In 1850 Local G.P. Dr William Penny-Brookes (1809 – 1895), who introduced physical education into British schools, inspired the fore-runner of the modern Olympic Games for the “promotion of moral, physical and intellectual improvement” and although the Game’s venue is now decided by international committee rather than by by the parish council, we still hold our own Olympics here in protest every July – the other Olympics are also doing quite well too!
Sadly the good doctor died in 1895 aged 87, just four months before the modern Olympic Games were started in Athens in April 1896. He was a tireless campaigner and altogether good egg, he will not be forgotten. However, the full story can be found in the Much Wenlock Museum, along with the history of the town and other information on the unique geology of the Wenlock Edge.
This medieval market town lies on the Northeast end of Wenlock Edge, on the way to ronbridge from Bridgnorth.
Much Wenlock is a rustic 700 year old medieval market town filled with a patchwork of twisting streets, black and white half timbered buildings, limestone cottages, specialty shops, numerous hostelries and watering holes and the remains of a magnificent 12th Century Priory.
The Priory, dedicated to its first abbess, St Milburga, forms a backdrop to many outdoor events and theatrical performances including the Tales from the Edge Festival which helps keep the ancient art of story telling alive, whilst the covered 16th century Guildhall (you won’t believe this) with its overhanging first floor held up by stout oak pillars, was pre-fabricated and raised in two days in 1577! Today it hosts regular antiques markets.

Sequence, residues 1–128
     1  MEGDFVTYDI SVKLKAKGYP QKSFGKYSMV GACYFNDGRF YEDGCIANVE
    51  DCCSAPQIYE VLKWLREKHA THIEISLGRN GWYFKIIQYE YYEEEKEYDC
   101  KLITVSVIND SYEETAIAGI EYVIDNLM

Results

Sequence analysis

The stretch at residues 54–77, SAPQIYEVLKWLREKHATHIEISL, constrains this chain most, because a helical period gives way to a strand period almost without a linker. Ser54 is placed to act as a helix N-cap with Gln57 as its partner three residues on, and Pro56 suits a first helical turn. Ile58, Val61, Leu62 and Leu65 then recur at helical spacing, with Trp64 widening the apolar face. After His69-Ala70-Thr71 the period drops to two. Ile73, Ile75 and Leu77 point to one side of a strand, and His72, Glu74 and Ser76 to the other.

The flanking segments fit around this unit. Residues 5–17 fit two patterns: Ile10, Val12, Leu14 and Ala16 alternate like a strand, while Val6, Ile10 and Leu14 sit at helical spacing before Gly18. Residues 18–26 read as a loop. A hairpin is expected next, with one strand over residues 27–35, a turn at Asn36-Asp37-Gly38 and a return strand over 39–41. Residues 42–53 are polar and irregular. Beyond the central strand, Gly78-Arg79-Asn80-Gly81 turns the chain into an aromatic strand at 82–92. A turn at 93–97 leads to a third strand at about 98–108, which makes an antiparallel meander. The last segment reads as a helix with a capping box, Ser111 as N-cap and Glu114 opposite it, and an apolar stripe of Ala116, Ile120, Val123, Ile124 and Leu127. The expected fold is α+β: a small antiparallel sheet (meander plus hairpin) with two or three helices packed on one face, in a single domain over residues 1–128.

One of the Guildhall’s pillars was the towns whipping post, and still carries the iron staples that would have been used to tie to prisoners wrists.
Much Wenlock’s Holy Trinity Church is Norman and has a battlemented tower and Jacobean pulpit with carved panels, depicting, rather oddly, some two-tailed mermen.
n Shenton street, you’ll find the Old Gaolhouse, which was a 18th century prison and the 17th century manor house. St Owens Well in Queens Street is the only cruck-framed building in the town and is dedicated to the 6th century Welsh saint.
Above the town rises the Wenlock Edge which provides glorious views. This 15 mile limestone escarpment was created when Shropshire could be found just south of the equator – some 400 million years ago. Looked after by the National Trust, The Edge and its ancient woodlands are excellent for walks, cycling and riding. Long distance routes like the Jack Mytton Way and Shropshire Way pass over Wenlock Edge.
Nearby are : Benthall Hall – a 16th Century house with stunning interior and carefully restored plantsman’s garden and Broseley Pipe Works, a Victorian clay tobacco pipe works, – get your very own Churchwarden.
The Guildhall in Much Wenlock by Humphrey Bolton